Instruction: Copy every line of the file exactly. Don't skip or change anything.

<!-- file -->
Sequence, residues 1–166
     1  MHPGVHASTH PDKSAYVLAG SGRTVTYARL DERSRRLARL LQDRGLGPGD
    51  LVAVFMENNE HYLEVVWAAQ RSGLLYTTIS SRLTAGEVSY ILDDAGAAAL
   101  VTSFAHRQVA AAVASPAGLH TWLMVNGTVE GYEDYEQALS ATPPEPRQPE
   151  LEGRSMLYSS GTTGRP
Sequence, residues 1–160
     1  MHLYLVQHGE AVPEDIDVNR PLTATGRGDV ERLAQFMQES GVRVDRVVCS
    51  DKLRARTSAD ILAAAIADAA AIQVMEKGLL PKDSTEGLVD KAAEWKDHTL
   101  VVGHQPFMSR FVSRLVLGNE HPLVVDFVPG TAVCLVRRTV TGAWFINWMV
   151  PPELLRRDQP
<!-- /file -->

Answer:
Sequence, residues 1–166
     1  MHPGVHASTH PDKSAYVLAG SGRTVTYARL DERSRRLARL LQDRGLGPGD
    51  LVAVFMENNE HYLEVVWAAQ RSGLLYTTIS SRLTAGEVSY ILDDAGAAAL
   101  VTSFAHRQVA AAVASPAGLH TWLMVNGTVE GYEDYEQALS ATPPEPRQPE
   151  LEGRSMLYSS GTTGRP
Sequence, residues 1–160
     1  MHLYLVQHGE AVPEDIDVNR PLTATGRGDV ERLAQFMQES GVRVDRVVCS
    51  DKLRARTSAD ILAAAIADAA AIQVMEKGLL PKDSTEGLVD KAAEWKDHTL
   101  VVGHQPFMSR FVSRLVLGNE HPLVVDFVPG TAVCLVRRTV TGAWFINWMV
   151  PPELLRRDQP